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McCrea v. District of Columbia Police and Firefighters' Retirement and Relief Board

Court of Appeals of The District of Columbia

January 3, 2019

Nicole R. McCrea, Petitioner,
v.
District of Columbia Police and Firefighters' Retirement and Relief Board, Respondent.

          Submitted September 28, 2017

          Petition for Review of an Order of the District of Columbia Police and Firefighters' Retirement and Relief Board (FD-2038-14)

          Nicole R. McCrea, pro se.

          Karl A. Racine, Attorney General for the District of Columbia, Todd S. Kim, Solicitor General at the time the brief was filed, Loren L. AliKhan, Deputy Solicitor General at the time the brief was filed, and James C. McKay, Jr., Senior Assistant Attorney General, were on the brief, for respondent.

          Before Blackburne-Rigsby, Chief Judge, McLeese, Associate Judge, and Nebeker, Senior Judge.

          OPINION

          Blackburne-Rigsby, Chief Judge:

         Pro se petitioner Nicole R. McCrea, a fifteen-year veteran of the District of Columbia Fire and Emergency Medical Services Department ("Department"), was involuntarily retired on April 30, 2015, by respondent District of Columbia Police and Firefighters' Retirement and Relief Board ("Board") upon its determination that she was mentally disabled and incapacitated due to a diagnosis of Adjustment Disorder with Anxiety and Depression ("ADAD"). The Board concluded that her disability was not incurred in the "performance of duty" ("POD") and was therefore compensable under the provision of the statute governing retirement disability for injuries not incurred in the POD, instead of the provision for disabilities incurred during the POD, which provides benefits at a higher annuity rate.

         Ms. McCrea challenges her involuntary retirement on the grounds that the Board's conclusion "lacks competent, objective, probative and reliable evidence." In the alternative, she seeks a reversal of the Board's determination that her disability was not incurred in the POD, claiming that she is entitled to receive retirement benefits at the POD annuity rate. Ms. McCrea claims that her ADAD condition stems from a sexual assault by her co-workers while she was on duty, which she contends constitutes a disability incurred in the POD.

         We affirm and conclude that substantial evidence in the record supports the Board's decision to involuntarily retire Ms. McCrea for a disability not incurred in the POD. The alleged incident of sexual assault on Ms. McCrea cannot form the basis of relief pursuant to D.C. Code § 5-710 (a) (2012 Repl.), which dictates relief for a disability incurred in the POD. Our conclusion is controlled by our decisions in In re Underwood v. National Credit Union Administration, 665 A.2d 621 (D.C. 1995), and Nunnally v. District of Columbia Police & Firefighters' Retirement & Relief Board, 184 A.3d 855 (D.C. 2018), wherein we held that mental and emotional injuries resulting from sexual harassment in the workplace could not be classified as "injuries" arising out of employment, since sexual harassment does not concern any task the employee was called upon to perform. Underwood, supra, 665 A.2d at 632-33. We hold that, likewise, mental and emotional injuries resulting from sexual assault in the workplace are not compensable as injuries incurred in the POD.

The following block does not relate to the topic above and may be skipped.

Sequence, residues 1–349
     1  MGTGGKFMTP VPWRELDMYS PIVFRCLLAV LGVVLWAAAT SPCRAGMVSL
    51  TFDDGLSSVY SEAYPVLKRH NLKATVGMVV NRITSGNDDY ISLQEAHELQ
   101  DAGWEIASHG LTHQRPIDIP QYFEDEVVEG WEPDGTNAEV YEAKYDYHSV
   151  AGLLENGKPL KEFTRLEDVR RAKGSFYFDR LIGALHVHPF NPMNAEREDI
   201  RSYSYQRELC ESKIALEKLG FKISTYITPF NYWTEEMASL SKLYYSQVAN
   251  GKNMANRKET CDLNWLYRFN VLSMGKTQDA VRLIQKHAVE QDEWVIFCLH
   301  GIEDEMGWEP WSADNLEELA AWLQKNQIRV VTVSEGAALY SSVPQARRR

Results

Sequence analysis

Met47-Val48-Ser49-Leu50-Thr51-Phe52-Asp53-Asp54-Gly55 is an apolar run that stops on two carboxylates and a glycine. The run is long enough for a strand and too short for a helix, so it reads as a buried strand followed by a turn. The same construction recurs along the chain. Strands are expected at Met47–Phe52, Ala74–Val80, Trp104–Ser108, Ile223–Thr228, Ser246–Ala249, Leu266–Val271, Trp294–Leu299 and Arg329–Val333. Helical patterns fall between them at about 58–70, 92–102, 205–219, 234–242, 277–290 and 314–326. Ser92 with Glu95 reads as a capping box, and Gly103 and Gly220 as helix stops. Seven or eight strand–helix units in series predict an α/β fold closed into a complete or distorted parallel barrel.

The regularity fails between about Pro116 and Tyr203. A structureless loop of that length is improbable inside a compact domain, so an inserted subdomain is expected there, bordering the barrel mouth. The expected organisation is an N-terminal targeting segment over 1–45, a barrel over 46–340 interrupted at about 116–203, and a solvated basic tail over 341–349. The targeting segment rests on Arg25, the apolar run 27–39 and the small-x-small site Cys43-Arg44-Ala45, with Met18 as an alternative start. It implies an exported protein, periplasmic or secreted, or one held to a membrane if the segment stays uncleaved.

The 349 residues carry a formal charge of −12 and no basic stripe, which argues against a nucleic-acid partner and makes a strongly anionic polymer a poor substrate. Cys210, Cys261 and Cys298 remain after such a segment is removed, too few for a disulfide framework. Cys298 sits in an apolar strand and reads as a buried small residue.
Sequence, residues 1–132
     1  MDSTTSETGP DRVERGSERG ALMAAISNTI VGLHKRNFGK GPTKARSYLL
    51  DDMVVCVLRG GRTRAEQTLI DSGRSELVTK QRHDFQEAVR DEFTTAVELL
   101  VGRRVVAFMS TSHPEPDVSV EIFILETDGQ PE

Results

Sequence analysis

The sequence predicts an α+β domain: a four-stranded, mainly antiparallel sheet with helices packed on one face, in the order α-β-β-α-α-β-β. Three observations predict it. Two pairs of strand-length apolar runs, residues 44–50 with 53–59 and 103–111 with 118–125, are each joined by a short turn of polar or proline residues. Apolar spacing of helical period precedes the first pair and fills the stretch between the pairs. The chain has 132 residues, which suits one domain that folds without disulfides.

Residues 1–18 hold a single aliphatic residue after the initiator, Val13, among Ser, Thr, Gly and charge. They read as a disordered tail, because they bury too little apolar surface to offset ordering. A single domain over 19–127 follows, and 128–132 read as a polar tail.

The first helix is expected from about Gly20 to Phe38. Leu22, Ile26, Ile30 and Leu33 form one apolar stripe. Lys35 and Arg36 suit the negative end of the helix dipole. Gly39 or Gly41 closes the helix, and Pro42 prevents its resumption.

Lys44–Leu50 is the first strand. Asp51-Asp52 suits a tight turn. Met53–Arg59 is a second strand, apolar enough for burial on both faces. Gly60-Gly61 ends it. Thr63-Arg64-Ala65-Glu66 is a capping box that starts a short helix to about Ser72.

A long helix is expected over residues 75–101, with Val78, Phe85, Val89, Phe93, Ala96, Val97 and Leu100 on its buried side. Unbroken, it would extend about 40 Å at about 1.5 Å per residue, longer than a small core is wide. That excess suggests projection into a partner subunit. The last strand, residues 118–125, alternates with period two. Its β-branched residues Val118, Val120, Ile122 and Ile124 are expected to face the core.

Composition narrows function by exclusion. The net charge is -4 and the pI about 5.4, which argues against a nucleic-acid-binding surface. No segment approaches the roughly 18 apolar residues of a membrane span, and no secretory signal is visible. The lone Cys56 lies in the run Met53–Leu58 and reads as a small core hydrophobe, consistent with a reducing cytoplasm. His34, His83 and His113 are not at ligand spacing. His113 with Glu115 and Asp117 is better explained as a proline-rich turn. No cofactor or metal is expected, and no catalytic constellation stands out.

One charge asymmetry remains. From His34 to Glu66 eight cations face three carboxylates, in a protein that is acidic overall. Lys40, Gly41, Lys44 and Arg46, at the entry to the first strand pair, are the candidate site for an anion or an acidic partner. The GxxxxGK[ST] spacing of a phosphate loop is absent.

I. Factual and Procedural Background

         Ms. McCrea began working as a firefighter with the Department on January 3, 2000. Her claim arose from an incident that she contends occurred at around midnight on the evening of May 30, 2013. She asserts that she was sleeping on her stomach at the firehouse, when three male co-workers "fondl[ed] [her] between [her] legs." Following the May 30th incident, Ms. McCrea contends that she experienced "difficulty concentrating, difficulty falling asleep and/or staying asleep, headaches, loss of appetite, nausea, upset stomach and diarrhea." On June 25, 2013, Ms. McCrea reported the incident to the District of Columbia Police and Fire Clinic ("Clinic") and requested that her ensuing mental health injury be classified as a POD injury. After filling out the Clinic's incident report, Ms. McCrea was referred to the Clinic's Behavioral Health Services section where she was interviewed by a psychologist, Mary Kenel, Ph.D., who evaluated her and placed her on sick leave on June 25, 2013. Ms. McCrea remained on sick leave until the Board made its decision to retire her on April 30, 2015, which became effective on May 15, 2015.